adjective1 : occurring every day 2 : belonging to each day : everyday 3 : commonplace, ordinary
After weeks on the road, it felt good to be back to our quotidian routines.
“Some of Bach’s music is a prime example of how even works of genius can be destroyed in the wrong hands. The Cello Suites were deemed quotidian exercises until Pablo Casals revealed their beauty.” — Vivien Schweitzer, The New York Times, January 2, 2015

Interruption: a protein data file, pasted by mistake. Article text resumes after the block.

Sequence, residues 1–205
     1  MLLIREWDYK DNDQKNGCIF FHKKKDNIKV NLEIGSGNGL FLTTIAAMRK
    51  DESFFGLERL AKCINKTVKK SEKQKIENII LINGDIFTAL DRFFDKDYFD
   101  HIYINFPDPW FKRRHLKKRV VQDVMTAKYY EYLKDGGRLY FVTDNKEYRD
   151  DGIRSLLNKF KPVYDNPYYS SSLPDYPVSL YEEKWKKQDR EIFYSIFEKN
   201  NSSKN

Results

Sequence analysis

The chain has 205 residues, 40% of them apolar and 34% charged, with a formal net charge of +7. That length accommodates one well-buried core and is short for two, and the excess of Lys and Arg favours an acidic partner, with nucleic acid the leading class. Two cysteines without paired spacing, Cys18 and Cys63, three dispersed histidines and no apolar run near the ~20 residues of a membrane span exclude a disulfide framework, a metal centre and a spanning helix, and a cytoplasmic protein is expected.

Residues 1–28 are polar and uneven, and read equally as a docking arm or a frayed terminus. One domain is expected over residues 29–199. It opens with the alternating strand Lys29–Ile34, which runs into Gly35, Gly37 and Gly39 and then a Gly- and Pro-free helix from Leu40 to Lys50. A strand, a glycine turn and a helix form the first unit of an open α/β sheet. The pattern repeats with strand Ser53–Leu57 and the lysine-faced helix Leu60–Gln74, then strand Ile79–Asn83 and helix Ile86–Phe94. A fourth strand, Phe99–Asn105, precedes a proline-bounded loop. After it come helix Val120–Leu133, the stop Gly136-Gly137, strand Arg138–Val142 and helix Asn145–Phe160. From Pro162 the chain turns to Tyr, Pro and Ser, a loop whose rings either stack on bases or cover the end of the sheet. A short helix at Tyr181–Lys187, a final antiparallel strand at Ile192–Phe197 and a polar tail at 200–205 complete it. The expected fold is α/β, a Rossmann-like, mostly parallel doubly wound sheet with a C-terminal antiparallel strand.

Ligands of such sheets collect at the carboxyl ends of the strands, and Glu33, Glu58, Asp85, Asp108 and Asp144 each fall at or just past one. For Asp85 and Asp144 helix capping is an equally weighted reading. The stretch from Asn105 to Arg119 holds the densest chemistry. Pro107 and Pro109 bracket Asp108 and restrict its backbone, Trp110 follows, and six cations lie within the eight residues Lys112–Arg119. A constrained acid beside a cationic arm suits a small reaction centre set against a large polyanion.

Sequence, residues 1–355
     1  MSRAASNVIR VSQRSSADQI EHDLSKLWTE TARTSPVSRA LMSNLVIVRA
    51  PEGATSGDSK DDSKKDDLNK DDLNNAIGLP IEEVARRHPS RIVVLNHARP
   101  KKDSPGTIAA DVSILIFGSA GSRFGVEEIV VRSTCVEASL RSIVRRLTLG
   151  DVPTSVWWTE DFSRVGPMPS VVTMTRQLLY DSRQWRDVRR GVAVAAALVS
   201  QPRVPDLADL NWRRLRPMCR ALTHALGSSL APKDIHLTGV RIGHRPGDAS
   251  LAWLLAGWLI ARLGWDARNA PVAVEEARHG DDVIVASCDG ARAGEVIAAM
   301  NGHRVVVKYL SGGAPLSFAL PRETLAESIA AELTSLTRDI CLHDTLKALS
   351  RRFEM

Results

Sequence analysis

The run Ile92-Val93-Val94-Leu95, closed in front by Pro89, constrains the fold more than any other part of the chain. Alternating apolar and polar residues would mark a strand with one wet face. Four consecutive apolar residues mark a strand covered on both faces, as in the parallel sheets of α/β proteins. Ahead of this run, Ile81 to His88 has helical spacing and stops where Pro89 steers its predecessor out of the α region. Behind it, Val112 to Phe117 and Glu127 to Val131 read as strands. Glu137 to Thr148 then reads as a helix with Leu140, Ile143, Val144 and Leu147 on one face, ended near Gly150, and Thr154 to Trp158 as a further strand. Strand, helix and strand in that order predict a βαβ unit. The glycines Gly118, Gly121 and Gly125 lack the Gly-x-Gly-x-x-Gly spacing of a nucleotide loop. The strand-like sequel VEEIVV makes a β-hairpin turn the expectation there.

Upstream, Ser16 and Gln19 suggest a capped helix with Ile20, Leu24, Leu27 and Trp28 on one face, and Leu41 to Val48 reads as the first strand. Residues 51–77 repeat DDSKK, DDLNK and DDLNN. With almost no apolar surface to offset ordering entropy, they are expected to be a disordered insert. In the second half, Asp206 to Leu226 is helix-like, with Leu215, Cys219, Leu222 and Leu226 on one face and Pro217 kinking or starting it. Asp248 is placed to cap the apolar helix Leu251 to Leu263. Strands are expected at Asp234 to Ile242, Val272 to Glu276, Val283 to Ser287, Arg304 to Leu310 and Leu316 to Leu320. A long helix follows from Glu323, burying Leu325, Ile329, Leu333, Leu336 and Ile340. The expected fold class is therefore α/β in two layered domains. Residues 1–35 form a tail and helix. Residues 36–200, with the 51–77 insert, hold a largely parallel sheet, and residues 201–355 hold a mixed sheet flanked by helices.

Did you know?
In Shakespeare’s play As You Like It, the character Rosalind observes that Orlando, who has been running about in the woods carving her name on trees and hanging love poems on branches, “seems to have the quotidian of love upon him.” Shakespeare’s use doesn’t make it clear that quotidian derives from a Latin word that means “every day.” But as odd as it may seem, Shakespeare’s use of quotidian is just a short semantic step away from the “daily” adjective sense. Some fevers occur intermittently—sometimes daily. The phrase quotidian fever and the noun quotidian have long been used for such recurring maladies. Poor Orlando is simply afflicted with such a “fever” of love.